but some difficulty emerged which was not overcome till 1746. In 1747 the royal assent to the union was received. The union was necessary because of the poverty of both colleges, part of whose revenues had been used for increasing church stipends. The buildings were dilapidated and the salaries were very small. But union was desirable on other grounds. There were professors of the same subjects in both colleges, and consequently great waste of teaching power, for in no subject were the combined classes too large for one professor. Two sets of buildings had to be kept up although one set was sufficient. The United College continued to be residential, the number of its members being one Principal, eight Professors, and 16 bursars on the original foundation, with possibly others, and the college servants.

The Principal of St Leonard's became Principal of the United College. The professorial staff was made up of three from St Leonard's, three from St Salvator's, and two who were Professors in the university, but previously not attached to either college, one being Professor of Mathematics, and the other Professor of Medicine. A saving was effected by this reduction of staff.

When the colleges were united the constitutional arrangements for the management of the university were somewhat complicated. There were four bodies each with functions apparently special, but at the same time such as could scarcely be discharged without collision arising over matters in which, to a greater or less extent, some of the other bodies were interested and for which they thought themselves responsible. The four bodies were the Comitia, which consisted of the resident members of the university, and had at least one special function, the election of the Rector. The next was the Senatus Academicus, which consisted of the Principals and Professors of both colleges, whose power seems to have been absolutely autocratic, covering matters academical, financial, and disciplinary. The next body was the two colleges which in certain business matters were independent of the university. " Each held its own meetings, managed its own property, appointed its own officials, and exercised discipline over its members subject to an appeal to the Rectorial Court [Anderson's Matriculation Roll, p. xiii.]." This Rectorial Court was the Senatus. The next and last was the Faculty of Arts, which consisted of the  Principal and Professors of the United College, administered its own revenues, and could grant degrees in Arts independently of the Senatus. In these arrangements there was little change till 1858.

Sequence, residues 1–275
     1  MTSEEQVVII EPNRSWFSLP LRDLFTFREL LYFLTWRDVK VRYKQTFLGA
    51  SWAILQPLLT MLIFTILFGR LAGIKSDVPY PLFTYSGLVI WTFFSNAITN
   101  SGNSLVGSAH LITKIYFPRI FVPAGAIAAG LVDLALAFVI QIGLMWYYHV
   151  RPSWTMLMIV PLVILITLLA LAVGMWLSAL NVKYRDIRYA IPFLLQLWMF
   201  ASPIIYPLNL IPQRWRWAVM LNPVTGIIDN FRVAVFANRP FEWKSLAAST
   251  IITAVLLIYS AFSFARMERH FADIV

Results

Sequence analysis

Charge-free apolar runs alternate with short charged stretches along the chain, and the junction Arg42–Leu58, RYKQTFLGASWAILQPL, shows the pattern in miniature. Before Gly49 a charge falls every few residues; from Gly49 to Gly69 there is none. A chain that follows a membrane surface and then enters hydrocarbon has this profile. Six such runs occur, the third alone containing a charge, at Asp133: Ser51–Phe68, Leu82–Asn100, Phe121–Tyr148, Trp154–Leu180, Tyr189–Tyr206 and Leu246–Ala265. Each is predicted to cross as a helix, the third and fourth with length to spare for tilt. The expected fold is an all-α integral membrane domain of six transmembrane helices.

For more than 100 years after the union the usual course covered four years, during the whole of which attendance in the Latin and Greek classes was imperative. In the second year mathematics and logic were added, mathematics and moral philosophy in the third, and mathematics and natural philosophy in the fourth year. History and chemistry were recommended as subjects to be studied, but they were apparently not imperative. This curriculum continued in force till 1858, when considerable changes were introduced.

The election of Rector seems to have undergone more changes in St Andrews than in the other universities. By the original constitution all the students took part in the election. The first change was introduced in 1475, when the " election was confined to Doctors, Masters, and Graduates," but on the occasion of a royal visitation in 1625 a return was made to the original plan [Evidence, p. 203]. "From 1747 to 1825 the right of election was confined to the Principals and Professors, the students of St Mary's College, and the third and fourth year students of the United College [Evidence, p. 9, and J. Maitland Anderson's Matriculation Roll, p. xviii.]." In 1826 it was restored to all matriculated students, and in I859 the election was made by 'nations' as in Glasgow and Aberdeen. The four `nations' were:

Fifani - Natives of Fife, Kinross, Clackmannan, and Perthshire south of Tay.

Angusiani - Natives of Forfar, Perth north of Tay, Kincardine, Aberdeen, Banff, Moray, Nairn, Inverness exclusive of the Isles, Ross, Sutherland, Cromarty and Orkney.

Lothiani - Natives of Linlithgow, Edinburgh, Haddington, Peebles, Selkirk, Berwick and Roxburgh.

Albani - Natives of Dumfries, Kirkcudbright, Wigtown, Ayr, Renfrew, Bute, Lanark, Dumbarton, Stirling, Argyle, the Western Isles, and all who were not natives of Scotland.

Each nation elected an Intrant as its representative, and these four elected the Rector. In the event of equality of votes by the Intrants the retiring Rector had a casting vote.